Okay, let’s try this without the Vicodin (I tweaked the wrist at work yesterday, and then made the mistake of trying to update the blog last night – which resulted in one hell of an incoherent entry):
Yesterday, I was back on the Bones rigging crew (and thank heavens for that – the shooting crew had a 5 pm call, which means they probably called wrap at 7 or 8 this morning).
Most of what we were doing was wrapping out a courtroom set that we shot yesterday (the set was part of the recently cancelled show Head Cases: Bones shot in it Thursday, and House is shooting in it Monday).
One of the things that’s not so great about the new, evolved, safety-conscious film industry is that we have a ton of restrictions on what we can and can’t do, and all of the studios now have ‘safety compliance’ departments – which consist mostly of people who wander around and bust you if you violate that particular studio’s written safety policy*.
For work on elevated walkways (the permanent catwalk system or ‘perms’, and ‘greenbeds’ which are walkways hung just over the top of the sets), people not trained on and certified to use fall arrest systems (“yo-yo”s) must stay within the confines of the handrails at all times.
Someone (like me) who hasn’t got this certification may not stand on the knee or hand rails (to increase reach), crawl out onto the beams of the perms to retrieve objects, or go for a stroll on top of the set walls (which are outside the confines of the handrails).
Of course, we end up violating these rules on a fairly regular basis.
The trick is to violate the rules as quickly as possible to make sure that one doesn’t get caught. You can’t use the walkie to ask where the safety rep is, because production usually monitors walkie conversations, and if they hear a request for the safety rep, they’ll call them and send them to your stage.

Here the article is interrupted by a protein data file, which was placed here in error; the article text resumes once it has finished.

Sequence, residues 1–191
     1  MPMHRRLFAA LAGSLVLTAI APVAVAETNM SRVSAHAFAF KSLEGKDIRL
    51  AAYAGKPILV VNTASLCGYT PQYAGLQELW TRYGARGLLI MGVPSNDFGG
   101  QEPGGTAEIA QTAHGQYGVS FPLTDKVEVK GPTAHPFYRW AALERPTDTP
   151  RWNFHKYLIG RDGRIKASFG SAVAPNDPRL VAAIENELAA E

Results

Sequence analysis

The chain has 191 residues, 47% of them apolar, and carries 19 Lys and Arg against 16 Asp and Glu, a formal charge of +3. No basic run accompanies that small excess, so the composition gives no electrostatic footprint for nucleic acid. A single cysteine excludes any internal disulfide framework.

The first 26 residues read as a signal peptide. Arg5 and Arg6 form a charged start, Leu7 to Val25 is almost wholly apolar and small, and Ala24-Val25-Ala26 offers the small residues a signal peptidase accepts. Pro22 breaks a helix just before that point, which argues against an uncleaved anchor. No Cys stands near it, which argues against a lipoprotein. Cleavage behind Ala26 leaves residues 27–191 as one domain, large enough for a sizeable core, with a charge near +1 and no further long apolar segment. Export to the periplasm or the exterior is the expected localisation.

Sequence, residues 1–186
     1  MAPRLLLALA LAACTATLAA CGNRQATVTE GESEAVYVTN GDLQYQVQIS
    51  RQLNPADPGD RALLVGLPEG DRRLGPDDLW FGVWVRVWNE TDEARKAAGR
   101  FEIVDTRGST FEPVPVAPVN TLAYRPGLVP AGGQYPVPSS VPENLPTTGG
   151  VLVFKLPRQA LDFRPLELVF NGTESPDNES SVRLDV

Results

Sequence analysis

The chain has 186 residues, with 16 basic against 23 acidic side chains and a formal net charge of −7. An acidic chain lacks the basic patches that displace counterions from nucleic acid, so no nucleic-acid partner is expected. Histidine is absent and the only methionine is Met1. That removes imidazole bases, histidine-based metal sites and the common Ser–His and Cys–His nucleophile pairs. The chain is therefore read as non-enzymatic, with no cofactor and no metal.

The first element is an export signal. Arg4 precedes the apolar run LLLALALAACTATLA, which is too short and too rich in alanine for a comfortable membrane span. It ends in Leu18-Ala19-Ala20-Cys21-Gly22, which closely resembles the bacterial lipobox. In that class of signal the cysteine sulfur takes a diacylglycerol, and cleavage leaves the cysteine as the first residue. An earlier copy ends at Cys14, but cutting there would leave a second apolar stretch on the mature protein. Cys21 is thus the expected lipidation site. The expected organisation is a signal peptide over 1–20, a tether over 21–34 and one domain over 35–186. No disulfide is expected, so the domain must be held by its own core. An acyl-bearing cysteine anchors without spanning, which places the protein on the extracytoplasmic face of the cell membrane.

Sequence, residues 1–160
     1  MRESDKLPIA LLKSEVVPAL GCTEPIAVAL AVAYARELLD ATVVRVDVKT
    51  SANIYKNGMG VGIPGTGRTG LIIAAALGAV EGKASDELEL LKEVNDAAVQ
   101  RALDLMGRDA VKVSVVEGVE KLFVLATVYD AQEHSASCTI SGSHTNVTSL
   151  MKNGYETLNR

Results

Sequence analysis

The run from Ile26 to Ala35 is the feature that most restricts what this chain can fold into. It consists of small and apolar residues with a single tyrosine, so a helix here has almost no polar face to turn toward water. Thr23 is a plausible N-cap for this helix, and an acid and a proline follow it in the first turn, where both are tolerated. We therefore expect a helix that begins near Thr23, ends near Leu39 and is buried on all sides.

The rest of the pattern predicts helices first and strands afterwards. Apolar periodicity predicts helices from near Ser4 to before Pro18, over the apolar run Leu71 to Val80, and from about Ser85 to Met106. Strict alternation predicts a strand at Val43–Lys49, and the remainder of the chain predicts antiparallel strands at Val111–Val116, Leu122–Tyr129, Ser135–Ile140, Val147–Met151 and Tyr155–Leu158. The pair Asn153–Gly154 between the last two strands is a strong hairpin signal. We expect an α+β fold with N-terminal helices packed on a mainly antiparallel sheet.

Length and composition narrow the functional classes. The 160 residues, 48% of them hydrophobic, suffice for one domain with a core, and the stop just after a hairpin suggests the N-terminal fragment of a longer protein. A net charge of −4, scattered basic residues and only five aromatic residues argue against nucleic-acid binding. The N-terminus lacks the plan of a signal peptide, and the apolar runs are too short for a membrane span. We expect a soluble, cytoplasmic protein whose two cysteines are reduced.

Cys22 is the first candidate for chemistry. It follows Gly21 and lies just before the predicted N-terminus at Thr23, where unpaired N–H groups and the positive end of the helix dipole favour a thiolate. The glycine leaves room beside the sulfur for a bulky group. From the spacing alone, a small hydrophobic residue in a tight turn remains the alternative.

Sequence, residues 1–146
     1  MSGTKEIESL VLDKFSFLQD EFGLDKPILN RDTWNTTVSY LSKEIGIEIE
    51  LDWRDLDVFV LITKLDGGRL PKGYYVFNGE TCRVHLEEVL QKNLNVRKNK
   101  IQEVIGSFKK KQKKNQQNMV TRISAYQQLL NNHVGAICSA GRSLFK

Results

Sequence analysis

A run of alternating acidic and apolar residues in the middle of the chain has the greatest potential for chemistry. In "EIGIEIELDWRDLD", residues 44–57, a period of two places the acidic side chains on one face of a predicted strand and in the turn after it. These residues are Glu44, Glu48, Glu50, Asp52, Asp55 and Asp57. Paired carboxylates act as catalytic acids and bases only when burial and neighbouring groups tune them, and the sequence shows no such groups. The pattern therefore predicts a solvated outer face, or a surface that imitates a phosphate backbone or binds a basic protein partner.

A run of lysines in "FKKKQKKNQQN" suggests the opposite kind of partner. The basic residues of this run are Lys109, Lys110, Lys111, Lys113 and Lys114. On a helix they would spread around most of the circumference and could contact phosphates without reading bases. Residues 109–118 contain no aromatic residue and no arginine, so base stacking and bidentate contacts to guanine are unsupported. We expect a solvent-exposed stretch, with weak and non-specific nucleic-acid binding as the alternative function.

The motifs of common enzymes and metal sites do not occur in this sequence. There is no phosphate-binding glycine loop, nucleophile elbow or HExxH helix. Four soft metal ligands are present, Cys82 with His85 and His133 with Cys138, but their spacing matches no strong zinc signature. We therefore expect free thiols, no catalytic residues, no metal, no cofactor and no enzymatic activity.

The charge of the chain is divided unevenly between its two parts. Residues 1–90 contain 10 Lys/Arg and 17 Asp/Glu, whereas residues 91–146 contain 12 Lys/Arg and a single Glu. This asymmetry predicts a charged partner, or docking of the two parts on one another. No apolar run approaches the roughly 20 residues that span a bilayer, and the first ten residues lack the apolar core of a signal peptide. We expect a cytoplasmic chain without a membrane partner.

For obvious reasons, it is unwise to use the walkie to announce intentions to break the rules – “Hey, I’m going to climb up onto the handrails of the walkway – somebody make sure the coast is clear.”
Naturally, there was one stubborn stinger (that’s what we call an extension cord) that I couldn’t get from the greenbed (despite my pulling really hard), so I had to go out onto the ceiling pieces of the set (not such a big deal if you know where to step, big problem if you don’t) in order to retrieve it. Of course, because I was in flagrant violation of Fox’s written safety policy, the damn thing had been taped down every few feet, requiring me to walk out further and further away from the greenbed in order to free it up. By the time I got the damn thing coiled up, I was standing on top of a set wall which was at least 20 feet away from the walkway.
Generally, among crew members, there’s a policy of turning a blind eye towards that sort of thing – it’s assumed that you know what you’re doing and are doing it for a good reason. If it becomes clear to a crew member that whomever’s violating a safety policy doesn’t know what he or she is doing, we’ll report it to that person’s direct supervisor (“hey, Bob – your new kid’s about to get himself killed. You might want to check on him.”).
Luckily, I didn’t get busted – although one of the painters looked up at me as I was WAY far off the greenbed. I just looked back at him and said (with a smile, of course) “You didn’t see nothin’, pal” to which he replied (also with a smile) “Wow. It sounds like there’s a voice coming from up there, but I can’t see anyone.”
*I wholeheartedly support the industry’s attempt to make the job less dangerous, and I applaud the safety program for basically forcing producers to pretend to give a shit about my health and welfare. I also do not condone or advise in any way, shape, or form violation of established safety procedures.
Rules, however, were sometimes made to be broken, and I’d just love it if they’d trust my judgment and knowledge of what’s safe and not safe – for myself – in any given situation.